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A CurtainUp DC Review
As the show opens vaudeville that late 19th- early 20th-century style of entertainment dominated by comic routines, sketches and songs, is dying. Taking its place is burlesque which emphasized a tawdry kind of sex and strippers who teased. The Depression, big D, has been and almost gone but depression small d is prevalent.
Heading the cast now playing at Signature Theatre is Sherri L. Edelen as Momma Rose, the stage mother to elbow out all stage mothers who is determined to make first one daughter, June, then the other, Baby Louise, a star no matter the cost in human terms. Edelin though diminutive in stature is a belter whose presence is huge. Rose is a monster whose misplaced ambition and determination ultimately destroys every relationship she has ever had. "She's a pioneer woman without a frontier," Herbie, (Mitchell Hebert in a weak performance) her potentially fourth husband points out. Though eventually her character's strong exterior and fierce interior motives are juxtaposed in one of the best finales in American musical theater, "Rose's Turn." A meltdown of epic proportions but no matter, "when is it my turn," Rose asks, losing none of her egocentricity after having had all human connections (well, almost all) severed definitively.
One thing is certain: it is now Sherri L. Edelen's turn to strut her stuff. She must have been waiting to be the right age and at the right stage in her career for this opportunity which she meets head on. Hers is a very strong and memorable performance.
Equally noteworthy is Maria Rizzo in a part that goes from mousey sister Louise to talk of the town Gypsy Rose Lee, the world's most famous and articulate stripper. She builds her character's transformation gradually and steadily until you realize just how beautiful she really is and how she owns the part of Gypsy Rose Lee. What a terrific performance. Fitting as well, since her character eclipses her frighteningly ambitious and cruel mother, Rose.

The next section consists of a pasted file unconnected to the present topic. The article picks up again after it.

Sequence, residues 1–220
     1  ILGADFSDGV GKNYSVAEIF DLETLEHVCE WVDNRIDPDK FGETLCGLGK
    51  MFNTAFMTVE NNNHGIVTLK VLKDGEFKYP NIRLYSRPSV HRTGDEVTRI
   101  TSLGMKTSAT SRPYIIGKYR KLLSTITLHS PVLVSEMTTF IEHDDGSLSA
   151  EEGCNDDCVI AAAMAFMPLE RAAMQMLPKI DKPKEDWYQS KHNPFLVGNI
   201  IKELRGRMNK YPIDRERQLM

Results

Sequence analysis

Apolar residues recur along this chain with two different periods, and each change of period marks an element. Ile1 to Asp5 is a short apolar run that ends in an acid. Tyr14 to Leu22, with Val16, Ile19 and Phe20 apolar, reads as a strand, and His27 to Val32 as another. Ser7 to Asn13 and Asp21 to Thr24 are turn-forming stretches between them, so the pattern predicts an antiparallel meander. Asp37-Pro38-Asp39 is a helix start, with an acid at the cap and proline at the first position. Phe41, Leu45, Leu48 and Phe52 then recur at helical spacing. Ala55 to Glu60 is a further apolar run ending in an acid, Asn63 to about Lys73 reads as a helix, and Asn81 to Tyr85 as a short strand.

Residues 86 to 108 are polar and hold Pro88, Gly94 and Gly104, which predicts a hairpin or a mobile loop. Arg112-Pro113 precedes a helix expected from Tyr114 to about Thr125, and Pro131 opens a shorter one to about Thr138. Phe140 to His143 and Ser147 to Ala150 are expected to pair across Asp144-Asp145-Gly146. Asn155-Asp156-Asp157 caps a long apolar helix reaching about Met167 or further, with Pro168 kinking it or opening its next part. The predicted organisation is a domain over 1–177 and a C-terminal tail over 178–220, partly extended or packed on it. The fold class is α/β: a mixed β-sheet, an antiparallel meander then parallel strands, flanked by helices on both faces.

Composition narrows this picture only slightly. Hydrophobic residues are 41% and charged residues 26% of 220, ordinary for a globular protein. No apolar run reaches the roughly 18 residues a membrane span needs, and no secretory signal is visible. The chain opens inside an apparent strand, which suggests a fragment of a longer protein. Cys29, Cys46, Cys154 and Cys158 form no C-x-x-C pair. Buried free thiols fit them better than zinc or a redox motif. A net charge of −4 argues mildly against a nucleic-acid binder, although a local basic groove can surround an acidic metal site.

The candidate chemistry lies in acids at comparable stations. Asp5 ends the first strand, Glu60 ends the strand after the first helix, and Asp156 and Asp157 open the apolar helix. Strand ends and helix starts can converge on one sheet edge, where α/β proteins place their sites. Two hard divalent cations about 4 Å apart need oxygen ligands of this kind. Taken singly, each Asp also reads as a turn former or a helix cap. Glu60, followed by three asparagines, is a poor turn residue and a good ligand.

Fifth-grader Erin Cearlock has the kind of squeaky voice and regimented routines an unimaginative product of Momma Rose's direction that make you want to throttle her character, Baby June. Cearlock has mastered her role. The grown up June, Nicole Mangi, is also fine as Momma Rose's daughter who resolves conflicts with her mother by leaving. . .just as most people in Momma Rose's life do.
One of Stephen Sondheim's best comedic numbers is "You Gotta Get a Gimmick," the strippers ode to their trade. In this version, Tessie Tura (Sandy Bainum) an artful bump-and-grinder as well as Electra (Tracy Lynn Olivera) in ridiculous costumes particularly a pregnant Electra's light-bulb covered tutu, are very funny. But it is a very svelte Donna Migliaccio as Mazeppa who brings the house down. In a costume that suggests a Roman centurion with a billowing feather boa draped on the top of her helmut, she really does know how to bump it with a trumpet. This number, along with "Rose's Turn," light up the second act.
The ensemble made up of actors rather than dancers— although Joseph Tudor's high kicks would put a Rockette to shame—moves well under choreographer Karma Camp's direction. As always at Signature the eleven-piece orchestra including two particularly lusty trumpets under the direction of Jon Kalbfleisch is excellent. Scenic designer James Kronzer has created a background of grimey brick walls and movable screens that create just the right backstage atmosphere and Frank Labovitz's costumes— and there are lots of them — are lavish but not so complicated that many of the performers can't make costume changes in what seems like less than a verse of song. Director Joe Calarco has delivered this musical fable to the tune of a hit.